A ladder is to climb.

Author:Stone, Lois Greene
Position:FIRST PERSON - Essay

The softcover book, given to me at age thirteen, was called Ten Rungs by Martin Buber. The philosophical sayings were different from the philosophy books my dad used to read to me many evenings, yet meaningful as well. "In every man there is something precious, which is in no one else." I just knew that was totally true even at my very young age.

Also, in this same paperback, it said: "For if someone like him had already been, there would be no reason for him to be in this world." I still find, decades and decades later, these two comments to be almost opposite.

Not being self-absorbed, I did and still do feel unique. I could easily use biology to defend that no one else alive has my fingerprints or DNA. My personality, experiences, environment, health, emotional growth, as examples, set me apart and giving has always been more "comfortable" than receiving. But many of these traits are universal. How I've used them may define "me."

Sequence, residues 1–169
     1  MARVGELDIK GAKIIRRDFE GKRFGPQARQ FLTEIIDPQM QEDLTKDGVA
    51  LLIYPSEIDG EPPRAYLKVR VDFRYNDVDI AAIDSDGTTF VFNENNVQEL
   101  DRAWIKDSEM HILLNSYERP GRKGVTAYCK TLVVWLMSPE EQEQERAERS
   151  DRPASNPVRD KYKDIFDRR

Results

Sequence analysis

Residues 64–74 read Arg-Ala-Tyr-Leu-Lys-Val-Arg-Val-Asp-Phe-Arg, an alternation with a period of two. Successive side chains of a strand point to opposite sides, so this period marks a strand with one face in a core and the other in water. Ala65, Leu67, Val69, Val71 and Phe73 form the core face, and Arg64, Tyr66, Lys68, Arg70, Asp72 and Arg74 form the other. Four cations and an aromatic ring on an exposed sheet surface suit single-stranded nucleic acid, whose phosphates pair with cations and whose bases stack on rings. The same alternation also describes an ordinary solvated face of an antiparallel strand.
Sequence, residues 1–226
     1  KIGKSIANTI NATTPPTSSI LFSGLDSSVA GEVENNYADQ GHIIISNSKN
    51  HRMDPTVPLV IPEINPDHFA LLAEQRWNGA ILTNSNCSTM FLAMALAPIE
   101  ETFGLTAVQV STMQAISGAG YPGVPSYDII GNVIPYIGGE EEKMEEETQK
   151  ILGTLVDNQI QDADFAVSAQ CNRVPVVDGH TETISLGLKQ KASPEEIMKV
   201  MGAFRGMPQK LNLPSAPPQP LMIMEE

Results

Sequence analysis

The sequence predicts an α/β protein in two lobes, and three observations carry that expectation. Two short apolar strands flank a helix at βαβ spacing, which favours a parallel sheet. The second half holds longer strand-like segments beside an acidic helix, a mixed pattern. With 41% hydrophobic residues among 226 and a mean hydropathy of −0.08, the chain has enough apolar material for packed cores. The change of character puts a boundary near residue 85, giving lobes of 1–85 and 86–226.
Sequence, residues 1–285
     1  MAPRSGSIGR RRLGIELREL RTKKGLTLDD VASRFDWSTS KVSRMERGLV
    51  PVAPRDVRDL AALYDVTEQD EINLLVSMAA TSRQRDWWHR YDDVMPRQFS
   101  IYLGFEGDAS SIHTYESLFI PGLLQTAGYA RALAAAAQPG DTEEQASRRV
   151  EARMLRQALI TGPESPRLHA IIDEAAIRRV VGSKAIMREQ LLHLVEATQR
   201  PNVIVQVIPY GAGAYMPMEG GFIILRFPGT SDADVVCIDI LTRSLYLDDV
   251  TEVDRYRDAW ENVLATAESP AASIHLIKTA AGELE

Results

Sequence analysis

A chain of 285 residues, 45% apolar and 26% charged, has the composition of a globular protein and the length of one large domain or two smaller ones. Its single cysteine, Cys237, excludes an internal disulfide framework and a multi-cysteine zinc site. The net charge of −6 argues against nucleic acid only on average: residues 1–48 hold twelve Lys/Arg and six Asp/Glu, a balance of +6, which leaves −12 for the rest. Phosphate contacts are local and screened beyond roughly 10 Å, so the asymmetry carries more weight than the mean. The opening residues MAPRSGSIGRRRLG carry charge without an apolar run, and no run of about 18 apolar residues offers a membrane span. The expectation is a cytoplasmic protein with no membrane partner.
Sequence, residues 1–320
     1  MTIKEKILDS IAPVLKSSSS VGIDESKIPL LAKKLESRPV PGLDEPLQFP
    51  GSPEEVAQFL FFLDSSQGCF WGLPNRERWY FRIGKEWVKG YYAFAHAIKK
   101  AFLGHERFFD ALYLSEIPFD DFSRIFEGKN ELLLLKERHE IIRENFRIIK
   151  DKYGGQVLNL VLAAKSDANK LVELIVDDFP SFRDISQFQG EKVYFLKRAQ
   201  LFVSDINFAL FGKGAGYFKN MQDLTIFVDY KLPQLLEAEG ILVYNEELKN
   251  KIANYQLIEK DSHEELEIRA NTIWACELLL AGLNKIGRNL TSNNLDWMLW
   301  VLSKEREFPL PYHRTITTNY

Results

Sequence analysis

"For if someone like him had already been, there would be no reason for him to be in this world." There was no one like my dad, and that isn't because he was only in his forties when he died. But there is always a reason for someone like him to actually be in this world because he displayed sensitivity and caring for others, had a remarkable work ethic, and so forth. Shouldn't there be justification for humankind in general to have the traits he had with his ability to love unconditionally, encourage others, and be an example of virtue? My notes in the margins of Ten Rungs showed I questioned this comment.

One of my granddaughters is taking a course on the human predicament. I mentioned that I had a predicament regarding humanism, and gave her these two quotes to think about. If there's one person who is intelligent, compassionate, generous, selfless, and so forth, shouldn't the quote about not having another like him be totally disregarded? Shouldn't we want him cloned? He (or she) wouldn't lose the precious uniqueness since we come to our values from many routes, but I see more circumstances that call for the special substance of quiet greatness than only individuality.

The book my dad read to me was from the Little Journeys to the Homes of the Great series--the volume called Philosophers. Elbert Hubbard put...

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